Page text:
Controlling Health Care

Controlling Health Care


The Wall Street Journal got in touch requesting a cover for their Health Care Report. An image was wanted relating to the theme of patients taking more control over decisions relating to their healthcare. The phrase 'being in the drivers seat' seemed to sum up the situation. Connecting the driving wheel with the stethoscope resolved the concept.

Controlling Health Care

Just before press a newer story took precedence so the cover never actually materialized. Above is the layout plus the first couple of ideas. The bottom two are the first development sketches before going to artwork.

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Harp Love

Harp Love


I was recently working on an editorial piece where I was asked to submit sketches to pinpoint the direction for the final illustration. Among the sketches I sent over was this one. I felt there was a nice image to be had there so took the time to work it up into a final piece. A simple graphic image! Something I always aspire to achieve wherever possible.

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Disrupted

Disrupted


I was contacted by Twin Cities Business magazine to produce a cover image based on their lead article about the rise of mobile apps which enable the reselling of tickets for major sporting, music or other large popular events. I took the essential elements from the story and then re-arranged them compositionally to create a, hopefully, thought-provoking image.

Disrupted

Unfortunately at the last minute the cover was changed to accommodate an important news story which had just broken so my illustration was used on an interior spread instead.

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The Sedentary Life

The Sedentary Life


This image popped into my mind seemingly out of nowhere but does reflect something of present day concerns with those who live a sedentary life - beware illustrators, this could be you!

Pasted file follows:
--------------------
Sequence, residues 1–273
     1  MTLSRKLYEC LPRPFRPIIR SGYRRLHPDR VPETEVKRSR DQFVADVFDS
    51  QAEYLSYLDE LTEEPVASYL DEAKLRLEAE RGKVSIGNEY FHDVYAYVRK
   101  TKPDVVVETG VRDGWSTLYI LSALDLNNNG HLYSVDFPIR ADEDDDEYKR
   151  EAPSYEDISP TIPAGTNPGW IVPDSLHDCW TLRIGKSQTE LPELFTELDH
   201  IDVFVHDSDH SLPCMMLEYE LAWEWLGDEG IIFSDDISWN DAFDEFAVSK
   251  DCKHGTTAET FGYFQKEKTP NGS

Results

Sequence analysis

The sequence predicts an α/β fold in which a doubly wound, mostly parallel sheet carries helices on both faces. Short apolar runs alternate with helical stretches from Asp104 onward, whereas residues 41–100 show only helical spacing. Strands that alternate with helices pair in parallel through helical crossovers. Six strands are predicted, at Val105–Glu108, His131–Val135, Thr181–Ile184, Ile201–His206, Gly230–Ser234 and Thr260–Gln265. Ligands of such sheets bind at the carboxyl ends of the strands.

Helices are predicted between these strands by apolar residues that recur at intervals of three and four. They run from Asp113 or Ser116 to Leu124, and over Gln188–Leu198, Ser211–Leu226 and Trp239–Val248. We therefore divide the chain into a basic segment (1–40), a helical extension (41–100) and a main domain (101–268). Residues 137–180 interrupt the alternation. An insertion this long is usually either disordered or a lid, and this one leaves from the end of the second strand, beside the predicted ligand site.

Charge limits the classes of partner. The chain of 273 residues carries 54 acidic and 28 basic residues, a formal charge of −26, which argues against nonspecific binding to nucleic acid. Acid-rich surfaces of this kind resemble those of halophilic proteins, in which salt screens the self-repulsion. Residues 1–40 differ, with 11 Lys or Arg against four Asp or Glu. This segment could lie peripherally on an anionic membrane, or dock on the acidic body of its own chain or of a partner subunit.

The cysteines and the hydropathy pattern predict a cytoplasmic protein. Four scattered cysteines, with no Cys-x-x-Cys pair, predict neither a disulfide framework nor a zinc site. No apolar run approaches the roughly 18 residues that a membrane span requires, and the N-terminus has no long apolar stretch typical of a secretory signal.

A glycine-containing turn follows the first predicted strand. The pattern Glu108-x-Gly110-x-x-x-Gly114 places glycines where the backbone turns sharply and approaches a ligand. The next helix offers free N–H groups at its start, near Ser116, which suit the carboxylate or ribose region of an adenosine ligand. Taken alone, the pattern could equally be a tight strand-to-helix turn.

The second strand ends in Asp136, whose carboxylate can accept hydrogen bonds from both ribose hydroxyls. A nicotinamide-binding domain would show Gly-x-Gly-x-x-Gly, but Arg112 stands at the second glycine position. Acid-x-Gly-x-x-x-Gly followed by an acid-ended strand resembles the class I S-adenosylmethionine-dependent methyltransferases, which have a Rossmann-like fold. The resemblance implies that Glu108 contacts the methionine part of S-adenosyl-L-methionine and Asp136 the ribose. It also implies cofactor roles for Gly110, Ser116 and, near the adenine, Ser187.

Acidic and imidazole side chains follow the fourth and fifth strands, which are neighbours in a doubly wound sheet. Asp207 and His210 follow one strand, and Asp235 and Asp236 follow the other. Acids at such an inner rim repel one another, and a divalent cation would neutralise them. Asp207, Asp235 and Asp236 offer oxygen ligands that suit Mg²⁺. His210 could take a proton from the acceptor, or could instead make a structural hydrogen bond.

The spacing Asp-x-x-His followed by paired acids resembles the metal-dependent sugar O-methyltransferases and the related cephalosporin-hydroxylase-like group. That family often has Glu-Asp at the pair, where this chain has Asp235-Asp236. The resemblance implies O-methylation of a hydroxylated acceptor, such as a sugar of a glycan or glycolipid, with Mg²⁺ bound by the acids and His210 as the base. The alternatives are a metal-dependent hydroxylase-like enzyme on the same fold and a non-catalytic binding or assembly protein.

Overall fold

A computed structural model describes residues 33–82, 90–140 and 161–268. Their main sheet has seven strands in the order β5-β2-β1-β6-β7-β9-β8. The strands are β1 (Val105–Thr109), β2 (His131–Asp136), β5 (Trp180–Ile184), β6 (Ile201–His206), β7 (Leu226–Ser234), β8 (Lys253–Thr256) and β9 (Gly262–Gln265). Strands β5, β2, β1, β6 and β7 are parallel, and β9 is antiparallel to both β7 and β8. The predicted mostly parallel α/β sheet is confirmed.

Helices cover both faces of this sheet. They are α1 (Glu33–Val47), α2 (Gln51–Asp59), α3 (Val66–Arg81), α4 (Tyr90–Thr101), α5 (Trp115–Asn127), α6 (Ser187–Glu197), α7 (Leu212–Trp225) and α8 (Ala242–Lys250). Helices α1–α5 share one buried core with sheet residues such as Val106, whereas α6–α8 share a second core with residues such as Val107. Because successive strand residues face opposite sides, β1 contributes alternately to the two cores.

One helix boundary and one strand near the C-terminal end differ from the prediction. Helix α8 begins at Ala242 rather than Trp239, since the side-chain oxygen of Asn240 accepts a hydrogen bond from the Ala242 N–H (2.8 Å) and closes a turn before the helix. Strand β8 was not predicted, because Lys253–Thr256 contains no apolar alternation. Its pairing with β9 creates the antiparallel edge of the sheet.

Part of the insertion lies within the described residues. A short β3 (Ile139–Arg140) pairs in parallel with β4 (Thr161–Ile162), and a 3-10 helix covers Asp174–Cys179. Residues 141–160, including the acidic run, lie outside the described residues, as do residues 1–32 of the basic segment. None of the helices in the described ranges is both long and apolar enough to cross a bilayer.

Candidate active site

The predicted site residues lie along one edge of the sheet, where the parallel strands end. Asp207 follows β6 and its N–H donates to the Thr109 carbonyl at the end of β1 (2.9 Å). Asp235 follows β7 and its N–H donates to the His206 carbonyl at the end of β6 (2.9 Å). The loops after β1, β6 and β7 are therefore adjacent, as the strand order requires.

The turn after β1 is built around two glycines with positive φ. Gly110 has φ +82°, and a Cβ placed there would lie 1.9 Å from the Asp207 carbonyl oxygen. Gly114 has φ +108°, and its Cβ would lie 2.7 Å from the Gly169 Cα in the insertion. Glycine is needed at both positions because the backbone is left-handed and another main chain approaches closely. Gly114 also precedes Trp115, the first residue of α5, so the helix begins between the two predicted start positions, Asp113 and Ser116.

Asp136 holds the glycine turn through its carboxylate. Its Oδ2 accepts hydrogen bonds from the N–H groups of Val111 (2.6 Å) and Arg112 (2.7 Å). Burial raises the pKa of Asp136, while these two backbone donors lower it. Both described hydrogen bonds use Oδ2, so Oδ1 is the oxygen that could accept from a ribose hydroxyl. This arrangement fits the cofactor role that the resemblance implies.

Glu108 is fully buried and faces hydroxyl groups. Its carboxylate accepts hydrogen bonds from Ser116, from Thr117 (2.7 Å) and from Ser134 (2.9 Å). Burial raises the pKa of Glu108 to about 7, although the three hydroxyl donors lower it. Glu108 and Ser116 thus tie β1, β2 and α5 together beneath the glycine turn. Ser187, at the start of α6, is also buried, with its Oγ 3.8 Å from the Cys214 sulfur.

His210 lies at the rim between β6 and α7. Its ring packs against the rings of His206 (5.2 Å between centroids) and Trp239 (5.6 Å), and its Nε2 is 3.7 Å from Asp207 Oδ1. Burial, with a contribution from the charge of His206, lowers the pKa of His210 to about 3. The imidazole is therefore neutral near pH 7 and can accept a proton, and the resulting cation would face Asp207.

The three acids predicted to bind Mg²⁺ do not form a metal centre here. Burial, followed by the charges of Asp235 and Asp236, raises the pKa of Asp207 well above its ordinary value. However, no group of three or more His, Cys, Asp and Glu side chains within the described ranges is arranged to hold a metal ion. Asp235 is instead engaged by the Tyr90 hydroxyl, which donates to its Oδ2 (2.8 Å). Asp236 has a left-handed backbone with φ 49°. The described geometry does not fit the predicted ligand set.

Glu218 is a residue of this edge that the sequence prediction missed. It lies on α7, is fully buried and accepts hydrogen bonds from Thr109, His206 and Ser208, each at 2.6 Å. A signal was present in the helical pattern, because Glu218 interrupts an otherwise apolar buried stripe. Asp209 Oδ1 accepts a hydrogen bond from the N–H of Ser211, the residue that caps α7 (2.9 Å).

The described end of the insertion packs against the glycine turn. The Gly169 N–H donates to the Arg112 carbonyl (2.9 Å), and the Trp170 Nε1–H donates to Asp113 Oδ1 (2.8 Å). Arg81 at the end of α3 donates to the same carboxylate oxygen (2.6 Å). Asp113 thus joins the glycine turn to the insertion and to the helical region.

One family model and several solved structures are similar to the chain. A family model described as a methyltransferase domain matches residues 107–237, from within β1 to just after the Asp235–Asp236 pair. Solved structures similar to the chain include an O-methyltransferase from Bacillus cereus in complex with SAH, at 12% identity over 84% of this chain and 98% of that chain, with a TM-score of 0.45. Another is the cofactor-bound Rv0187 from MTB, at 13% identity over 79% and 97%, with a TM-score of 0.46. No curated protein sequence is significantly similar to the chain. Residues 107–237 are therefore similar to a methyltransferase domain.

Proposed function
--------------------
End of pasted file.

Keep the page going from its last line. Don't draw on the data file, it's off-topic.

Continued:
I wanted to do this one fast so instead of cleaning everything up after scanning I just worked directly on top of the rough and kept in all the bits of tracing paper, tape and perspective lines. I liked the idea of sepia toning so as to give it a feel of someone in the future looking back to see what life was like today.

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Diversity

Diversity


I was asked by Georgetown University to produce a banner illustration to show a diversity of people, ethnicities, genders and ages. While waiting for the brief I had started to do some pen drawings of heads and envisaging a way the banner might work. The yellow version here is an option but as it turns out the requirements called for a high level of realism - more of a photo/collage look.

Diversity

These rough line scamps were intended to show the layout. Larger heads in front, receding in size with rows of people behind.

Diversity

These were three alternatives of which the all-blue version was the preferred option.

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Magical Contagion

Magical Contagion


This illustration is a spot for Scientific American Mind and is about why people cherish family heirlooms and celebrity memorabilia. Objects which are in some way thought to actually contain a piece of the person they relate to. It is a phenomenon that scientists call magical contagion.  New research suggests this effect helps fulfill our need for social connection. In other words, we expect these hand-me-downs to keep us company.